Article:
Korean coffee prices defy market logic

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Korean coffee prices defy market logic


Italian-style espresso is perfect for savoring the taste of coffee. It is also the base for many other kinds of coffee. An Americano is prepared by adding hot water to espresso. Both latte and cappuccino are made with steamed milk.

Starbucks was the company that in the 1980s introduced Italian-style coffee to Americans, who were accustomed to drinking drip coffee. It took its business model from Italian cafes.

Not all coffee is the same. Like wine, the price and taste of coffee vary greatly depending on the area where it is produced.

There are two major species of coffee - Arabica, which makes up about 75 percent of total global output, and Robusta, which is lower in grade than Arabica but has more caffeine. They are priced according to quality: Jamaican Blue Mountain, Hawaiian Kona, Colombian Mild, non-Colombian (such as Guatemalan, Yemeni and Ethiopian), Mild Arabica, Brazilian Arabica and Robusta from Java. Blue Mountain coffee, the production of which is only about 1 percent of the total output, is rare and much more expensive than other varieties.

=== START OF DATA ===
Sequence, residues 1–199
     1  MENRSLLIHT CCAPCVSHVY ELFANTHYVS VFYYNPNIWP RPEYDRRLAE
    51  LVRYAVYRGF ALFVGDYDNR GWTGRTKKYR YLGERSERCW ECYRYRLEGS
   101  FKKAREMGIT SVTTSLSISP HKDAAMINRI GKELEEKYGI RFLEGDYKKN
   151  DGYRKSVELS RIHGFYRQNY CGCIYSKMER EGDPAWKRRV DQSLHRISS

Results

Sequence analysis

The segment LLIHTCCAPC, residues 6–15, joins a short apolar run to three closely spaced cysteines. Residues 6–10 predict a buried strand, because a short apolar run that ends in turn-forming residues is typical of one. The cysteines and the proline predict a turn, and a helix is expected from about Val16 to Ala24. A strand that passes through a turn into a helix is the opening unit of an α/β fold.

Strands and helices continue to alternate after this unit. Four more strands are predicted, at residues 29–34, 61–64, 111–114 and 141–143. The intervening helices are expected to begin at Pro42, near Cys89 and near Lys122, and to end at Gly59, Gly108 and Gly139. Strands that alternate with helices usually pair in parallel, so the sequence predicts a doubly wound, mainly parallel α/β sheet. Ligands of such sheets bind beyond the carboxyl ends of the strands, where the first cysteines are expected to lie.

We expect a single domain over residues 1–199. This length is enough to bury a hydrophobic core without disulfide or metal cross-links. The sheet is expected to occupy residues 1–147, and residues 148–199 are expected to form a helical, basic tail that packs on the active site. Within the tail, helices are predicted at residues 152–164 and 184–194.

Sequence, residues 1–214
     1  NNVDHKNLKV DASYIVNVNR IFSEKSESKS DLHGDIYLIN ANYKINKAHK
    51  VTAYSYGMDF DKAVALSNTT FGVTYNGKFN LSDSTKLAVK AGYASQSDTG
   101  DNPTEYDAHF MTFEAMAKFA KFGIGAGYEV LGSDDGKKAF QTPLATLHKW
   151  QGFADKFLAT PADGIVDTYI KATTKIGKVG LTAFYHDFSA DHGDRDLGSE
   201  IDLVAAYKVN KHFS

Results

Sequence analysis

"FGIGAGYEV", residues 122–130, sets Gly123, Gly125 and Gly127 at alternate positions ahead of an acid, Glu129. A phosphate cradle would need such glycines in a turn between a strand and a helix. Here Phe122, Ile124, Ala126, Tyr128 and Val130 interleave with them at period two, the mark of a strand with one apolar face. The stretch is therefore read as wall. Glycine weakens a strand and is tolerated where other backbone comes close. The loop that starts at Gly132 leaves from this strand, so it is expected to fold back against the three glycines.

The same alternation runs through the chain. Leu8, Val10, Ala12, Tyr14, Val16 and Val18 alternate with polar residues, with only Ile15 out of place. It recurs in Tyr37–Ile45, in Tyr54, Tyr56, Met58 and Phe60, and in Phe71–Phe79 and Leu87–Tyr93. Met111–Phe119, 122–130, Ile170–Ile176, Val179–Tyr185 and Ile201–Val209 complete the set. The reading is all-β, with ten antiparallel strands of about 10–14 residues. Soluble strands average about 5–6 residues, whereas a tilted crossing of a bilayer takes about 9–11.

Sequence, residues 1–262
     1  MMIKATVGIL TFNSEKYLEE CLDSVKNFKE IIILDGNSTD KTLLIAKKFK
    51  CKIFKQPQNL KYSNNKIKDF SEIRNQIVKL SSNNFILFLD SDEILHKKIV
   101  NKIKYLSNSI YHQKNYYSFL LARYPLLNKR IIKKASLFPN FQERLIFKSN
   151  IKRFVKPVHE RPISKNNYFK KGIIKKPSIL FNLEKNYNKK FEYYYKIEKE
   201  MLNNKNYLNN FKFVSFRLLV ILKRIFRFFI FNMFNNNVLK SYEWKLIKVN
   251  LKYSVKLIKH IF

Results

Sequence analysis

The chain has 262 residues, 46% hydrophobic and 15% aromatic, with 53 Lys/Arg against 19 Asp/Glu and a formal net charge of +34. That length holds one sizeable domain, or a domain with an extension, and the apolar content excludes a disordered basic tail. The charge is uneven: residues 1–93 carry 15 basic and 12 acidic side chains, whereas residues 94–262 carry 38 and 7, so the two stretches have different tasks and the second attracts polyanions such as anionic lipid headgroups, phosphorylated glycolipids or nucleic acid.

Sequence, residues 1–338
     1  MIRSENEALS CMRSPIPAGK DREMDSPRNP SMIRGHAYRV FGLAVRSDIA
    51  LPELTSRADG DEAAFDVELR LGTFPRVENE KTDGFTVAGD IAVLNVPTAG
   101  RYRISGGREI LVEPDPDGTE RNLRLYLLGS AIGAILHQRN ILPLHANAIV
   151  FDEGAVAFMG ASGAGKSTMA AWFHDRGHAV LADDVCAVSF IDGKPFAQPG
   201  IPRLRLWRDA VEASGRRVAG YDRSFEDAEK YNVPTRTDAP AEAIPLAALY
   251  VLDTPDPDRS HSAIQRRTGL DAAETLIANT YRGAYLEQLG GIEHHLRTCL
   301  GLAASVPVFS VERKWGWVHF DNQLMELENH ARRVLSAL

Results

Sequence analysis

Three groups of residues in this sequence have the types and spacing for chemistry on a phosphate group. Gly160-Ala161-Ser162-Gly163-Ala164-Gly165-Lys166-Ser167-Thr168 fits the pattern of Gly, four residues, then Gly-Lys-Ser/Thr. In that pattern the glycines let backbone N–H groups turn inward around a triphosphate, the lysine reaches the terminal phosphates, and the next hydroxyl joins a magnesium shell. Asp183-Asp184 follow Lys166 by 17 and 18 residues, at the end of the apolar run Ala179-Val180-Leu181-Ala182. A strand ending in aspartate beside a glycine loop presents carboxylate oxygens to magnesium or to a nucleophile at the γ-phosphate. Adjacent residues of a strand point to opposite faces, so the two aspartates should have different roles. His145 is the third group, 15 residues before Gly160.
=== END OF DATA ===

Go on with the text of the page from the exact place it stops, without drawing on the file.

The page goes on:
Korea has become a big coffee importer. Last year, Korea imported a total of $420 million worth of coffee, the largest amount in history. That is equivalent to each of the 37 million Koreans over the age of 20 consuming 312 cups of coffee a year.

A few days ago, the Korea Customs Office announced that the import price of 10 grams of coffee was 123 won ($0.11). If coffee houses charge over 3,000 won for a cup of coffee, they’re make a profit that is more than 20 times the wholesale import price. Even considering a coffee shop’s rent, processing and wages, consumers may feel they are being cheated when they compare the price of coffee to its taste.

In Korea, consumers’ tastes are diverse. Some still get coffee from vending machines while others prefer to drink brewed coffee. But a weird coffee war is being waged here between local and foreign brands. When the competition between the brands heats up, prices should go down, according to the rules of economics. But it’s the opposite in Korea.

Coffee is not nearly as expensive in Western countries as it is here. In Europe, it costs 1 euro ($1.38) for an espresso at a take-out coffee shop. In the United States, too, coffee is not as expensive as it is here. We should investigate whether the high price of coffee is legitimate or whether it’s nothing more than a tasteless sales gimmick.

*The writer is an editorial writer of the JoongAng Ilbo.

By Ko Dae-hoon
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